Postcard from Chinese Navy

It's been interesting watching the build-up of the Chinese navy in recent years.

They are clearly intending to compete with the US Navy, initially in the South China Sea, and probably the Pacific in years to come. In 1998, China bought a partially completed aircraft carrier from Russia, and after refurbishment it entered service with the PLAN in 2012 as the Liaoning. Based on the experience, China has committed to building at least 2 more.

The first of these, the Type 001A should enter service in 2019, and is expected to have more advanced technology compared against Liaoning, which is now used as a training vessel. Following the Type 001A will be at least 2 more classes, each an advance on the previous one.

Of course a carrier on it's own isn't much use, it needs aircraft, and those are coming too. The Type 001A will have J-15 aircaft as well as a complement of helicopters, 30-40 in total. Chinese media have suggested that the J-15 can't actually take off from the Type 001A with a full weapons and fuel load, which is a surprising admission considering the source. Future vessels will likely host more advanced aircraft such as the J-20 or J-31, and may even use an electromagnetic catapult to launch them, something the US has abandoned and is no longer developing.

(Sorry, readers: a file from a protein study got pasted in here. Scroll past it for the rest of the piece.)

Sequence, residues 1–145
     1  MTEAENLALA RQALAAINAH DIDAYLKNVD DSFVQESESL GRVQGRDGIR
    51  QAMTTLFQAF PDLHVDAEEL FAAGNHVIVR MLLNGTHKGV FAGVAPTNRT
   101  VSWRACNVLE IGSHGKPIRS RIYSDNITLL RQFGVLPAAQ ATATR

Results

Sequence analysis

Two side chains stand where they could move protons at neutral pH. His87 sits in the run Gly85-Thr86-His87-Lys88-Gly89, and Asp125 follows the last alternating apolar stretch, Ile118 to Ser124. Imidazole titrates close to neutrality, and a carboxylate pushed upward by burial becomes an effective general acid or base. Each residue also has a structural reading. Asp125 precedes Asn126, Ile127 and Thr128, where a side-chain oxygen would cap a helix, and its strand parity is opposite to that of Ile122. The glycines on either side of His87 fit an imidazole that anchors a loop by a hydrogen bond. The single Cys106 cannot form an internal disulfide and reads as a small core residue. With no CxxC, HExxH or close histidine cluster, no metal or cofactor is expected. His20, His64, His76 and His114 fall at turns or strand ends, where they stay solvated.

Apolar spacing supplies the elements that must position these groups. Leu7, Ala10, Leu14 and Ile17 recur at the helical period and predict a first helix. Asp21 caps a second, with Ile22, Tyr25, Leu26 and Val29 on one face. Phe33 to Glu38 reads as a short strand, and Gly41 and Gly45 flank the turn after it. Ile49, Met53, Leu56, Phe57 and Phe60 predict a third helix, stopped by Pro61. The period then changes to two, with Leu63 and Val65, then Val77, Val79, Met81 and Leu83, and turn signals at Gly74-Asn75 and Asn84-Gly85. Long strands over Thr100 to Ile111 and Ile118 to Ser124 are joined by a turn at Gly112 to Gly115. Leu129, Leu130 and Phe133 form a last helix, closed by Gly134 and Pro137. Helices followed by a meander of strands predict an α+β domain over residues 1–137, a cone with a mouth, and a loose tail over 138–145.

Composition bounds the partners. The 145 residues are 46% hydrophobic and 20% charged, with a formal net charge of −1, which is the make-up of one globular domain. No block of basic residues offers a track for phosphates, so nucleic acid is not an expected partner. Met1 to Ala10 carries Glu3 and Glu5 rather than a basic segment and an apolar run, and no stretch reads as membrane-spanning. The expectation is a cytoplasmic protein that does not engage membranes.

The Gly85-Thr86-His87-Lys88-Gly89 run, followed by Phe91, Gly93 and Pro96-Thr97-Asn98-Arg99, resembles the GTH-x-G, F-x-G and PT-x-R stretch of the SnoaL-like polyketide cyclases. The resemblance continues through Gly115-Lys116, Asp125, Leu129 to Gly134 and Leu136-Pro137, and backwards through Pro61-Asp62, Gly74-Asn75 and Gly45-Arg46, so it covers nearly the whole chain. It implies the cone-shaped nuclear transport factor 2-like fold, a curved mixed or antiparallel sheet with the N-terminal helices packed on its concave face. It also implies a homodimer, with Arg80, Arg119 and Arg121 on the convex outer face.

Although the presence of Chinese aircraft carriers is a tremendous boost for a country looking for recognition as a major power, none of the ships or current designs are capable of seriously challenging modern ships like the USS Enterprise.

And it's not just about aircraft carriers. As well as capital ships, China is building smaller ships at a furious rate. They expect to have 23 new guided missile destroyers by 2020, have taken delivery of 25 frigates in the last 13 years and 33 corvettes in the last 8 years.

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